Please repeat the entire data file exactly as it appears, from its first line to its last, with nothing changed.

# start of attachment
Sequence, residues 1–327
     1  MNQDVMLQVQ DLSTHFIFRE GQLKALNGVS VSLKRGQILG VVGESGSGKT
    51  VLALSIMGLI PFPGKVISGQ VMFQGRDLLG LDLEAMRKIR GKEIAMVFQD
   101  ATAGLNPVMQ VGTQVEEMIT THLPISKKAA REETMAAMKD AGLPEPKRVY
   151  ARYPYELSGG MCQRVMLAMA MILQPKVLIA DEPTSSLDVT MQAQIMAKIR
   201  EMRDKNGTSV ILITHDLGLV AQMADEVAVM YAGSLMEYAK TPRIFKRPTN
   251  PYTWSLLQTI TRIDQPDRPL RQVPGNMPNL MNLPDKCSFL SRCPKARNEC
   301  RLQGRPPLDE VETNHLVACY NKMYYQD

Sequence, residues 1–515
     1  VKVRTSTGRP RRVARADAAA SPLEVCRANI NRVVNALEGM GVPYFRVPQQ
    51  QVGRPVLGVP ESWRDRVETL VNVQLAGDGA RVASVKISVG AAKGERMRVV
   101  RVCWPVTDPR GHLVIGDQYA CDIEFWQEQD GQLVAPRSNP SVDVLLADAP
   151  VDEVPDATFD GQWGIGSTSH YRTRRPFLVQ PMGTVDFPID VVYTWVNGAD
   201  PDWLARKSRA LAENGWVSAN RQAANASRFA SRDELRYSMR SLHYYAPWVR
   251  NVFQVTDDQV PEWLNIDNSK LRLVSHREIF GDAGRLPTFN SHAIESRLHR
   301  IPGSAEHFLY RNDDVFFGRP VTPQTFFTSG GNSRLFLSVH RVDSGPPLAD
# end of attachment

Sequence, residues 1–327
     1  MNQDVMLQVQ DLSTHFIFRE GQLKALNGVS VSLKRGQILG VVGESGSGKT
    51  VLALSIMGLI PFPGKVISGQ VMFQGRDLLG LDLEAMRKIR GKEIAMVFQD
   101  ATAGLNPVMQ VGTQVEEMIT THLPISKKAA REETMAAMKD AGLPEPKRVY
   151  ARYPYELSGG MCQRVMLAMA MILQPKVLIA DEPTSSLDVT MQAQIMAKIR
   201  EMRDKNGTSV ILITHDLGLV AQMADEVAVM YAGSLMEYAK TPRIFKRPTN
   251  PYTWSLLQTI TRIDQPDRPL RQVPGNMPNL MNLPDKCSFL SRCPKARNEC
   301  RLQGRPPLDE VETNHLVACY NKMYYQD

Sequence, residues 1–515
     1  VKVRTSTGRP RRVARADAAA SPLEVCRANI NRVVNALEGM GVPYFRVPQQ
    51  QVGRPVLGVP ESWRDRVETL VNVQLAGDGA RVASVKISVG AAKGERMRVV
   101  RVCWPVTDPR GHLVIGDQYA CDIEFWQEQD GQLVAPRSNP SVDVLLADAP
   151  VDEVPDATFD GQWGIGSTSH YRTRRPFLVQ PMGTVDFPID VVYTWVNGAD
   201  PDWLARKSRA LAENGWVSAN RQAANASRFA SRDELRYSMR SLHYYAPWVR
   251  NVFQVTDDQV PEWLNIDNSK LRLVSHREIF GDAGRLPTFN SHAIESRLHR
   301  IPGSAEHFLY RNDDVFFGRP VTPQTFFTSG GNSRLFLSVH RVDSGPPLAD